Garrick McGee's offense forcing Illini offensive line to switch sides

Illini offensive line making technique, schematic adjustments to Garrick McGee's new offense

CHAMPAIGN - Christian DiLauro has never taken a game snap at left tackle at Illinois, while Austin Schmidt has not taken a game snap at right tackle in two years.

But with the duo entering their third seasons as the Illini starting bookends, DiLauro and Schmidt are learning how to switch sides. Not because the new Illini staff is searching to see if either is better on the flip side. New Illini offensive coordinator Garrick McGee simply asks the guards and tackles to switch sides depending on each play call.

In most offenses, including former coach BIll Cubit's, guards and tackles play on one side of the ball: left or right. In McGee's offense, the guards and tackles play "strongside" or "quickside." So DiLauro and his guard -- that's an open competition -- will always play on the same side as the tight end or the strength of the offense. Schmidt and the other starting guard -- also an open competition -- will line up on the weakside, without the protection of the tight end.

"It's just an opportunity for us to get an advantage on each and every play," Illini offensive line coach Luke Butkus said. "I'm not going to give many more trade secrets."

That change has forced DiLauro, Schmidt and the rest of the Illini offensive line to reboot their minds and muscle memory.

“Switching sides that’s definitely a big learning curve for me," said DiLauro, a junior. "The footwork isn’t so much that. It’s more technique-wise, keeping a balance set given the fact that I’ve never really been on the left side as much. Flipping sides really kind of confuses you and gets you a little off sometimes. Really, it’s just getting comfortable.”

Said Schmidt, a senior: “It’s the same position but the sets are totally different, so it’s something you really got to get used to. We’re getting it. At first it is (frustrating), but it’s a process. That’s what you got to understand, that it’s going to take time. It’s not something that’s going to even be done by the end of the spring ball. It’s going to take all summer.”

While the process can be frustrating for the Illini offensive line right now, it will make the Illini blockers more versastile -- possibly a boost to the draft stock of NFL hopefuls like Schmidt and DiLauro.

“Coach McGee came in the first day, I was talking to him, and he goes, ‘This is going to get you guys ultimately paid, if that’s what you want,’" DiLauro said. "I was like, ‘You got me sold right there.’ That’s a big game-changer for everything. That’s always in the back of my head. Coming out here, technique-wise everybody’s getting beat sometimes. It’s just about finding that comfort zone and we really haven’t found that six practices in yet.”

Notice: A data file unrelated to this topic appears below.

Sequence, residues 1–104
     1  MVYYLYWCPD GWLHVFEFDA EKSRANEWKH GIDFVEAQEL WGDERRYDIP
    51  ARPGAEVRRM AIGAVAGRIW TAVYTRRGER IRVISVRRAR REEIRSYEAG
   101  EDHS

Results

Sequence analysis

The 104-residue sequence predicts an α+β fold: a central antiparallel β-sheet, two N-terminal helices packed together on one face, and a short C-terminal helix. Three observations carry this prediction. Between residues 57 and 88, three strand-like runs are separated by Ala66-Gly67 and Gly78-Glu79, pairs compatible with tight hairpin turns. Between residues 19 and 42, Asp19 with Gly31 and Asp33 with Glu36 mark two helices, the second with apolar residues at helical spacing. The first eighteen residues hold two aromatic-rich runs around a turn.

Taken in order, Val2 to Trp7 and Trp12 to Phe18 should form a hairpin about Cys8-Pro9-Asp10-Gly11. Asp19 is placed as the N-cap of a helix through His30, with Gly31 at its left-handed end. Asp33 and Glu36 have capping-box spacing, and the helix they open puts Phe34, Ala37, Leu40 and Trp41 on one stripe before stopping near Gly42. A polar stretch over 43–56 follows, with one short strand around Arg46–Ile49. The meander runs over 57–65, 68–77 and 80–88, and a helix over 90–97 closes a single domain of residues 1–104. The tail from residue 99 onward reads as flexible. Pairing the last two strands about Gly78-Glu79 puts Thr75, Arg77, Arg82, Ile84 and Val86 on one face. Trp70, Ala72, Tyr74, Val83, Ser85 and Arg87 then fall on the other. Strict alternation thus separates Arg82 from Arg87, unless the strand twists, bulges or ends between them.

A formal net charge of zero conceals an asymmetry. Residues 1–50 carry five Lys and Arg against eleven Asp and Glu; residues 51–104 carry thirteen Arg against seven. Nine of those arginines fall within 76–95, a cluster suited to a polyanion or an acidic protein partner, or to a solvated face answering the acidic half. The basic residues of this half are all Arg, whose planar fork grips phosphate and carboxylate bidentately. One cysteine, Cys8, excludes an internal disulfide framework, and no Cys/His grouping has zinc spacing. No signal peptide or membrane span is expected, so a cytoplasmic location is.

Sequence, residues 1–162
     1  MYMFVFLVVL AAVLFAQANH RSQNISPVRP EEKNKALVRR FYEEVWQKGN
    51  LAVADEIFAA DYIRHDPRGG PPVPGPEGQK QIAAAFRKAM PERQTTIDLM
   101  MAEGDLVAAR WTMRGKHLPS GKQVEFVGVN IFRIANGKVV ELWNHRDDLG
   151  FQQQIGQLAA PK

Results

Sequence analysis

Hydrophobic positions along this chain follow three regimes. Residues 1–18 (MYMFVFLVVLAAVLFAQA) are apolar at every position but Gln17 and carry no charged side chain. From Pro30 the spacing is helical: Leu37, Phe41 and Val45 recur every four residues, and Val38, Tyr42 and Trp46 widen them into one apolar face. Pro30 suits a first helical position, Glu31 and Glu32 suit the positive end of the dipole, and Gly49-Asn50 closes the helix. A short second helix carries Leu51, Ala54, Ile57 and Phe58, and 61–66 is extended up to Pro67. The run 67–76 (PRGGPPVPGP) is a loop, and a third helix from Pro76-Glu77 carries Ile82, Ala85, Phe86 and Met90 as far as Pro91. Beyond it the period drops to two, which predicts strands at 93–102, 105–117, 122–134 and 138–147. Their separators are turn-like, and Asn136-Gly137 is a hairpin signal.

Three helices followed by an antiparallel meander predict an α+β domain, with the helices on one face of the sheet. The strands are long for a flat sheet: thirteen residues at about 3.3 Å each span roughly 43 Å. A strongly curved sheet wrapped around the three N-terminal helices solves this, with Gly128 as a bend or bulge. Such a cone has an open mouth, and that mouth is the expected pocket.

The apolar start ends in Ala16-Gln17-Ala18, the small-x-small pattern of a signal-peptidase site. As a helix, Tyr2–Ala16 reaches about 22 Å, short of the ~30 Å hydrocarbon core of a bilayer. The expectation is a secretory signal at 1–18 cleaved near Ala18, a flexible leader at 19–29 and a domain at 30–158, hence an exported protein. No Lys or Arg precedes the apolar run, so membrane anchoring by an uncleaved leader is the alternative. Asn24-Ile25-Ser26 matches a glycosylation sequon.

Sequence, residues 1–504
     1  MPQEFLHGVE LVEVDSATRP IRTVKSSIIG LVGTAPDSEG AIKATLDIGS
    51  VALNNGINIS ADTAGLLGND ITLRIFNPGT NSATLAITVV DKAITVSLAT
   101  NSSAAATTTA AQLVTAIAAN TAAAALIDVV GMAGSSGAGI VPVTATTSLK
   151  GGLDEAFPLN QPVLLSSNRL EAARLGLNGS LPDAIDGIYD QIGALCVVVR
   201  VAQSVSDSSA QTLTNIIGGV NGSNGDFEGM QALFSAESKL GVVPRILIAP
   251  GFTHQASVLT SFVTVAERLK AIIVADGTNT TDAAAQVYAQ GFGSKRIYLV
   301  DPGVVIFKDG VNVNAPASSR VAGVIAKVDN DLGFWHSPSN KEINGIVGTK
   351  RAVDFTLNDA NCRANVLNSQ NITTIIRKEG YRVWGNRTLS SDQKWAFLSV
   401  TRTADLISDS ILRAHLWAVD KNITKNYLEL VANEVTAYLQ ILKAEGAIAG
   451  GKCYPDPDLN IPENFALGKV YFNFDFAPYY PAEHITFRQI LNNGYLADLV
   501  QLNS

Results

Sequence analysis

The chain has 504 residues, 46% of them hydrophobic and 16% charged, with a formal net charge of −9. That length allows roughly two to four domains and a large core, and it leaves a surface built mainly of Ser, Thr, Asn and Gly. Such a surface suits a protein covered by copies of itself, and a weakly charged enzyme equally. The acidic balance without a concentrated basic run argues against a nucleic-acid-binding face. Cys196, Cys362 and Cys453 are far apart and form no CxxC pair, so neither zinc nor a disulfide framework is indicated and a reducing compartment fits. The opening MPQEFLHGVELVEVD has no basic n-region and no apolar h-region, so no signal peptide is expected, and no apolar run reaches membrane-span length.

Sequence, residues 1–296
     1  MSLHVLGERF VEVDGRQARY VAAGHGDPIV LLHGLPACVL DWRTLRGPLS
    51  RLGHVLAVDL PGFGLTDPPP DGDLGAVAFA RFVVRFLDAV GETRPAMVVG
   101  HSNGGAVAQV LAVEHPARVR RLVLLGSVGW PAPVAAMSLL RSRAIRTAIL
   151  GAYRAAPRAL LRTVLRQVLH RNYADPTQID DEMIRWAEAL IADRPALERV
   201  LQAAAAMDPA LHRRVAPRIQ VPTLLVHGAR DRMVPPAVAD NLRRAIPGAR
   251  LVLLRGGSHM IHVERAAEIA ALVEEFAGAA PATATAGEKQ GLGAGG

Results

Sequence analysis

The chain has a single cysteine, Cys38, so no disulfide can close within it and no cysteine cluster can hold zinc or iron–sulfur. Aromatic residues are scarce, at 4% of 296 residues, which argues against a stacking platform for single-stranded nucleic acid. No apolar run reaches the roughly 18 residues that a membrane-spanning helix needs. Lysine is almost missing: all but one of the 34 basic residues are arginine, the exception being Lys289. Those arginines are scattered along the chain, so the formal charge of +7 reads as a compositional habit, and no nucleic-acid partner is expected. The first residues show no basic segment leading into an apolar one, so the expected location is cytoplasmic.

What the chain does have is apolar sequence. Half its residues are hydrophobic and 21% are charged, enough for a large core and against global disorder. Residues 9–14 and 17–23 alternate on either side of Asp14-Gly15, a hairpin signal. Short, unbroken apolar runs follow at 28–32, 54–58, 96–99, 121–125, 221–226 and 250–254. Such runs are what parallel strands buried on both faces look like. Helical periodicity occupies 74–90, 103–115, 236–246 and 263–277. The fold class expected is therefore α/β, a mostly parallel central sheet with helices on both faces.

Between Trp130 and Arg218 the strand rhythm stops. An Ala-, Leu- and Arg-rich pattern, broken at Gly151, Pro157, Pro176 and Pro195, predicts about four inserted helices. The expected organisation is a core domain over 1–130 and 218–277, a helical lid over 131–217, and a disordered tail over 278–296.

Butkus doesn't want his players to overthink the change though.

"It's still football," Butkus said. "We're still getting in a three-point stance most of the time and sometimes a two-point stance. We still have those wide five techniques and nine techniques. We're still pass pro. We're still running the ball. But I think the biggest transition is just the way we're teaching in comparison to the previous staff. We want guys who are going to be able to run off the ball and cover guys up."

McGee will have one of the more proven tackle duos in the Big Ten with DiLauro and Schmidt combining for 35 career starts (DiLauro 19, Schmidt 16). Both are plus pass protectors, helping Illinois rank third in sacks allowed percentage (4.12 percent) among Big Ten teams behind only Indiana and Nebraska.

“DiLauro, he’s a strong guy. When he gets latched on you, there’s really nothing you can do," said Illini defensive end Dawuane Smoot, who competes against Schmidt and DiLauro at every practice. "With Schmidt, he’s just a long, lanky guy. You just got to get your hands on him before he gets his hands on you. He really stops you dead in his rush with those long arms. They’re both a challenge every day.”

McGee prefers a power run scheme, much like former Illini offensive coordinator Paul Petrino -- who, like McGee, learned the offense under Bobby Petrino. But McGee takes over an offense that ranked last in the Big Ten in rushing (129.3 yards per game), and the Illini don't yet seem to have the big running backs and big tight ends McGee needs to run his preferred offense.

Following the graduations of four-year starting guard Ted Karras and one-year starting guard Chris Boles, the Illini are trying to find the right two players to place next to DiLauro and Schmidt and to either side of senior center Joseph Spencer

Redshirt freshman Gabe Megginson is a frontrunner for one of the spots, though he has also repped at quickside tackle and could be Schmidt's eventual replacement. Redshirt sophomore Nick Allegretti and senior Connor Brennan also are getting a lot of reps with the first string. The depth is weak -- four freshmen arrive this summer but likely aren't ready to make an immediate impact -- which is why the Illini have shown interest in Michigan graduate transfer Logan Tuley-Tillman.

"We’re going to push each other to get better," DiLauro said.

The Illini offensive linemen are going through a bit of a reboot this spring. Day by day, they have to put one foot in front of the other. They just have to re-learn which foot to step with first.

“We got a little ways to go," DiLauro said. "We got that learning curve. We’re all trying to perfect our technique, trying to learn a new system. With this new staff, they’re going to get us in the right way. They’re going to get us going in the right direction to be dominant in the Big Ten.”


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